# Goal: Joint distributions, marginal distributions, useful tables.

# First let me invent some fake data
set.seed(102)                           # This yields a good illustration.
x <- sample(1:3, 15, replace=TRUE)
education <- factor(x, labels=c("None", "School", "College"))
x <- sample(1:2, 15, replace=TRUE)
gender <- factor(x, labels=c("Male", "Female"))
age <- runif(15, min=20,max=60)

D <- data.frame(age, gender, education)

# Table about education

# Table about education and gender --
table(D$gender, D$education)
# Joint distribution of education and gender --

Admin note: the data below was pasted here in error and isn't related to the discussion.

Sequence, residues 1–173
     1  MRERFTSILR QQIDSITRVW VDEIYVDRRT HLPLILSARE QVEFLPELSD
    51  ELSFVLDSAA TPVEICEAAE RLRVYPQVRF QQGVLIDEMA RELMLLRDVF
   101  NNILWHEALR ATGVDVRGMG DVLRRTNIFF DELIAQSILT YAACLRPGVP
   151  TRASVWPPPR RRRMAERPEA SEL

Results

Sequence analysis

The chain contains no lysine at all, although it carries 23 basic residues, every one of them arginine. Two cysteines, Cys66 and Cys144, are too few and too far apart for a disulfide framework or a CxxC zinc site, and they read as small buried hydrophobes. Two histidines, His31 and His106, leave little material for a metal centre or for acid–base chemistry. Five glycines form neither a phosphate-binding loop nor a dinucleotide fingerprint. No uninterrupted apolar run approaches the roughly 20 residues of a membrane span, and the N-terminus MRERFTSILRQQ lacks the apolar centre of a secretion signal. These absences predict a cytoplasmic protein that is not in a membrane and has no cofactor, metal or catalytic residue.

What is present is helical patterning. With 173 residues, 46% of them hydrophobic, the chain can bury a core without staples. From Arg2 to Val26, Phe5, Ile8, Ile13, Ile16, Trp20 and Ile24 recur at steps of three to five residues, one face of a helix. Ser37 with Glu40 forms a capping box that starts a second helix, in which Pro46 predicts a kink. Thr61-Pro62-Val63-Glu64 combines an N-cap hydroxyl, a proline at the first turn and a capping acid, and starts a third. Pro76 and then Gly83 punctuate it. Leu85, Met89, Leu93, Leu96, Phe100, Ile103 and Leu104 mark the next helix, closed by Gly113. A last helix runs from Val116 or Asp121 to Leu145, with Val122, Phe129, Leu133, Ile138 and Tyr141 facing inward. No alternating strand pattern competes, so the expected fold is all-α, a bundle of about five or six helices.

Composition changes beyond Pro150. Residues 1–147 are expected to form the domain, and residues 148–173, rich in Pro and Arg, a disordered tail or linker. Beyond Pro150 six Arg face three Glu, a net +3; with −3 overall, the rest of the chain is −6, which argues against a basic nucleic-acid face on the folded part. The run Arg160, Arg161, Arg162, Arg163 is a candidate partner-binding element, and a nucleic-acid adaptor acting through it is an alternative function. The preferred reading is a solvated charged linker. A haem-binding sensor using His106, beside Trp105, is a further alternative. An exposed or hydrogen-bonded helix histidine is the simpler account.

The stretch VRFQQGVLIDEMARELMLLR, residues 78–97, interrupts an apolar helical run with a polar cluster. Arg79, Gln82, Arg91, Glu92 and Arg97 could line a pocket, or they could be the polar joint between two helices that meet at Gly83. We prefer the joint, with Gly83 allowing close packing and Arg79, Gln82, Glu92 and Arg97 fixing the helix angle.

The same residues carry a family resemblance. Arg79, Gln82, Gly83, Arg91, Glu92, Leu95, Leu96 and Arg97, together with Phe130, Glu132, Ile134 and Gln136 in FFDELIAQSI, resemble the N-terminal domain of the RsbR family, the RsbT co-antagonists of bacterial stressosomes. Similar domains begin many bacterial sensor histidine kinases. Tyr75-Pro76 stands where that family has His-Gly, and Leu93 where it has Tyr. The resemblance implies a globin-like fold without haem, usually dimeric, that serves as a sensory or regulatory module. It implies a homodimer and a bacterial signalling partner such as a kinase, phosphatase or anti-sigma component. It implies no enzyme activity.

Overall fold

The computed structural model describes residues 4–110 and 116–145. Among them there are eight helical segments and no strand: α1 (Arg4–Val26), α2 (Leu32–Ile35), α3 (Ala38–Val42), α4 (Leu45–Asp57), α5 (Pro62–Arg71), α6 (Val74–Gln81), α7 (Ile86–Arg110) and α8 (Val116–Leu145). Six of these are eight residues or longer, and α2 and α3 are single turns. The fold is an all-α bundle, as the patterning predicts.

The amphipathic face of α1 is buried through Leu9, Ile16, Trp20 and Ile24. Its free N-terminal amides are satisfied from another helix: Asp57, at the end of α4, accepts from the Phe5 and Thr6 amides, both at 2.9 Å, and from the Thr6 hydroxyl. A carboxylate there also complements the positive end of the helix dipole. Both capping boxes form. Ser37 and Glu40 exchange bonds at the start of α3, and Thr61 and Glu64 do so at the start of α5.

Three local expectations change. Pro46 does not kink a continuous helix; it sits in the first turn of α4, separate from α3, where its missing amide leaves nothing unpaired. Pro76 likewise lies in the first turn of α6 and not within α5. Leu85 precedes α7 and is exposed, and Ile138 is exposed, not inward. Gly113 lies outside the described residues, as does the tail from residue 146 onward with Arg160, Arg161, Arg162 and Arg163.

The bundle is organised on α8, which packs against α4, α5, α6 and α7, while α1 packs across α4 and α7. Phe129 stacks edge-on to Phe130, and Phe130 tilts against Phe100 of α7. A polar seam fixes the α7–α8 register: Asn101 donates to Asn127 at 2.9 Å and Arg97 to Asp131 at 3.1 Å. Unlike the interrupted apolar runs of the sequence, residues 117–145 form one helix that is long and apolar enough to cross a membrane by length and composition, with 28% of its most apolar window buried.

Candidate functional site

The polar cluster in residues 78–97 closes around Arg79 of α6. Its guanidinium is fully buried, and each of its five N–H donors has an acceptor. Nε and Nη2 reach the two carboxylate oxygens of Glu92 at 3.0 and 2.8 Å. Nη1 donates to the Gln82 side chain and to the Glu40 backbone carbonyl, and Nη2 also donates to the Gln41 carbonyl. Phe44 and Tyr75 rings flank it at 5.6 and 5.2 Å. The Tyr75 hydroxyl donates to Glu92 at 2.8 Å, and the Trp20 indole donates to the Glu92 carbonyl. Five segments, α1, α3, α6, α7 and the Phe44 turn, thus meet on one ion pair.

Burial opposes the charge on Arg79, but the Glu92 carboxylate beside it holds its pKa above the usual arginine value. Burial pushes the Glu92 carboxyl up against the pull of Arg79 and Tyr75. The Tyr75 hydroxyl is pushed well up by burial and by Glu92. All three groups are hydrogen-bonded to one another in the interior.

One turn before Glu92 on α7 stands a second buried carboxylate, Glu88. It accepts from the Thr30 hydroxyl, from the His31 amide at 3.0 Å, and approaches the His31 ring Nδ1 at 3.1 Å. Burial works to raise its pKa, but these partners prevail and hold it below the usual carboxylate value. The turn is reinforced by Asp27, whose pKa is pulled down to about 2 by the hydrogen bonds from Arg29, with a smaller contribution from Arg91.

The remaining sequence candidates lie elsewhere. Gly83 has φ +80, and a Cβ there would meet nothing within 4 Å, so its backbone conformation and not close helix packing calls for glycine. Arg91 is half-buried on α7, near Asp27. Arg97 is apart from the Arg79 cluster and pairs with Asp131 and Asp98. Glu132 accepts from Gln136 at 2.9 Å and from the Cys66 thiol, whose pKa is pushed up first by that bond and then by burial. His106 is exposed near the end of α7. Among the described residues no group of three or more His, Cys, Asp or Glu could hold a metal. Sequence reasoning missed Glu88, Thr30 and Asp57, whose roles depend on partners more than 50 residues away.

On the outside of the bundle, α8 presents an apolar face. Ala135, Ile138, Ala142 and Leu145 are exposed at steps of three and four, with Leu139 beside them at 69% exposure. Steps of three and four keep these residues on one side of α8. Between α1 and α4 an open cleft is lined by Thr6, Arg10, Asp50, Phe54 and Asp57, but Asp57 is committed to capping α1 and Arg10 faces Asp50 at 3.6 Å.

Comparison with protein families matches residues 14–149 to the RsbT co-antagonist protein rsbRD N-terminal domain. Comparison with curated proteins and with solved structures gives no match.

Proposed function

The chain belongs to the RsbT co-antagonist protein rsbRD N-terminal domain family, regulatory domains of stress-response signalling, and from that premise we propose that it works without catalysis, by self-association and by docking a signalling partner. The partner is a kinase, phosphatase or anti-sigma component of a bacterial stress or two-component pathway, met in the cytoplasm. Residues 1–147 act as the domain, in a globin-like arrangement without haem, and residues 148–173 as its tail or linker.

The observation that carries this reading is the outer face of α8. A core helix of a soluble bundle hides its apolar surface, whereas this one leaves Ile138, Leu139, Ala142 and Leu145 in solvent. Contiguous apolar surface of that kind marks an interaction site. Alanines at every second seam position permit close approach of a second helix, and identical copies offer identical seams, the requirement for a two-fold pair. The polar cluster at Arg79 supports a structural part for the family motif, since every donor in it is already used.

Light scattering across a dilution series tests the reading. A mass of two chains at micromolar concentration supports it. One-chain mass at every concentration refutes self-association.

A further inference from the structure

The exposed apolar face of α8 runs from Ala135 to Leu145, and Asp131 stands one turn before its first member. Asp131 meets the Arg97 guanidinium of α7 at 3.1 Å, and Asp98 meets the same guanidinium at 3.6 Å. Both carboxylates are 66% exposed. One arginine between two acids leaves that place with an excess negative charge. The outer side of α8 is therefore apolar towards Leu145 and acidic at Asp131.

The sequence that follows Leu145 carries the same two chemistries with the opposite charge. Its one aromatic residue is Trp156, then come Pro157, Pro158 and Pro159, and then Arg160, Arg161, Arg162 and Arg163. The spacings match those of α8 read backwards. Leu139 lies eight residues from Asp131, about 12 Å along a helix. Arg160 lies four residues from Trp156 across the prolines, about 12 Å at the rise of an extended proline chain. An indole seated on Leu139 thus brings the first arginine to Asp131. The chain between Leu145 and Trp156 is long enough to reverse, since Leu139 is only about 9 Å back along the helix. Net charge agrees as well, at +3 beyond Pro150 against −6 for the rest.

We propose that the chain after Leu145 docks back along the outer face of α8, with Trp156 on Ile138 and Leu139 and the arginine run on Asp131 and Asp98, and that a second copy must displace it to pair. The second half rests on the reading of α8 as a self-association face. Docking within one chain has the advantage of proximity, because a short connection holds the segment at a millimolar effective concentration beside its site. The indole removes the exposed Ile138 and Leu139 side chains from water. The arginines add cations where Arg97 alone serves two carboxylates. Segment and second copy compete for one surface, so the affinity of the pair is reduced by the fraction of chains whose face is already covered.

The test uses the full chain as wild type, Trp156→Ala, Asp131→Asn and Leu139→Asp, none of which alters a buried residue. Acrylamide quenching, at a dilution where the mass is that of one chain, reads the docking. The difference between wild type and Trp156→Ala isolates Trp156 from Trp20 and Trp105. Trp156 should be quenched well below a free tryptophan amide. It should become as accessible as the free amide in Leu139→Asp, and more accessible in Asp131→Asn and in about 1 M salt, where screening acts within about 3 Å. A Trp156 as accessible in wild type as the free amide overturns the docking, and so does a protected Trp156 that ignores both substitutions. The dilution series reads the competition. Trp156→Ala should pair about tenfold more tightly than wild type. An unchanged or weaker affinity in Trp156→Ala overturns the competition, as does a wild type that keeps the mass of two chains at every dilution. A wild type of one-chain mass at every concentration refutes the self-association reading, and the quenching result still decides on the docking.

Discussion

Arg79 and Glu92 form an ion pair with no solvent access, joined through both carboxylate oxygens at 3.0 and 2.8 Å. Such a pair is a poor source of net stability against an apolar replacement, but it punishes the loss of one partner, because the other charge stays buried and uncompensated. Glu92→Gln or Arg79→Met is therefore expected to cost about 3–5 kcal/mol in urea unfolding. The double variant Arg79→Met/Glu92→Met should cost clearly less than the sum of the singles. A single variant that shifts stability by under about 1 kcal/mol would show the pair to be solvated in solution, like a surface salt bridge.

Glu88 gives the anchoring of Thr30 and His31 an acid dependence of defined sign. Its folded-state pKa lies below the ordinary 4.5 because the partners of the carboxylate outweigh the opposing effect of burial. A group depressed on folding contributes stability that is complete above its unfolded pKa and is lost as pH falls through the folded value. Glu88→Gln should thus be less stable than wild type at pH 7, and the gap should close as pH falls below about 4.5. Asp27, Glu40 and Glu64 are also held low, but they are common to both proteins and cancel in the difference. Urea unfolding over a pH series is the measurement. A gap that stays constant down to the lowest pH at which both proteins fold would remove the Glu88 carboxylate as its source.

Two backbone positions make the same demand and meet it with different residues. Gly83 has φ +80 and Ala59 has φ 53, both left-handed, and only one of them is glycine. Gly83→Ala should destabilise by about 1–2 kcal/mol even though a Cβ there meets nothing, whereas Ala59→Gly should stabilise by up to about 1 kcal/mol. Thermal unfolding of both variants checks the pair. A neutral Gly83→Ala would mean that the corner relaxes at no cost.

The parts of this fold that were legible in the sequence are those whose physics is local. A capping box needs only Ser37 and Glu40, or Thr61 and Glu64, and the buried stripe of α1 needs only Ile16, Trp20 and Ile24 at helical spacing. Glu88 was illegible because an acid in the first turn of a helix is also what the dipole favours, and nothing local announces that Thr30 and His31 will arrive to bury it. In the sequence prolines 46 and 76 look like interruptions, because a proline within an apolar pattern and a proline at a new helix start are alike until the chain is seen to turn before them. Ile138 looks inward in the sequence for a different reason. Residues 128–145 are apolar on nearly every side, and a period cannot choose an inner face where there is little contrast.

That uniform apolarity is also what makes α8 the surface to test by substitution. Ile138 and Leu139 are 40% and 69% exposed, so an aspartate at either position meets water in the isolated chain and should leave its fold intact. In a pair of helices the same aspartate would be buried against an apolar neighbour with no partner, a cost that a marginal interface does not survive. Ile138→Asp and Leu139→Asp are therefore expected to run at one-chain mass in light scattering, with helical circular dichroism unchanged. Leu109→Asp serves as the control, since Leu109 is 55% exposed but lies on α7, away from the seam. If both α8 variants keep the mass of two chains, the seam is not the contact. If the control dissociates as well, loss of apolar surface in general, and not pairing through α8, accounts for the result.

table(D$gender, D$education)/nrow(D)

# Add in the marginal distributions also
addmargins(table(D$gender, D$education))
addmargins(table(D$gender, D$education))/nrow(D)

# Generate a good LaTeX table out of it --
xtable(addmargins(table(D$gender, D$education))/nrow(D),
       digits=c(0,2,2,2,2))             # You have to do | and \hline manually.

# Study age by education category
by(D$age, D$gender, mean)
by(D$age, D$gender, sd)
by(D$age, D$gender, summary)

# Two-way table showing average age depending on education & gender
a <- matrix(by(D$age, list(D$gender, D$education), mean), nrow=2)
rownames(a) <- levels(D$gender)
colnames(a) <- levels(D$education)
# or, of course,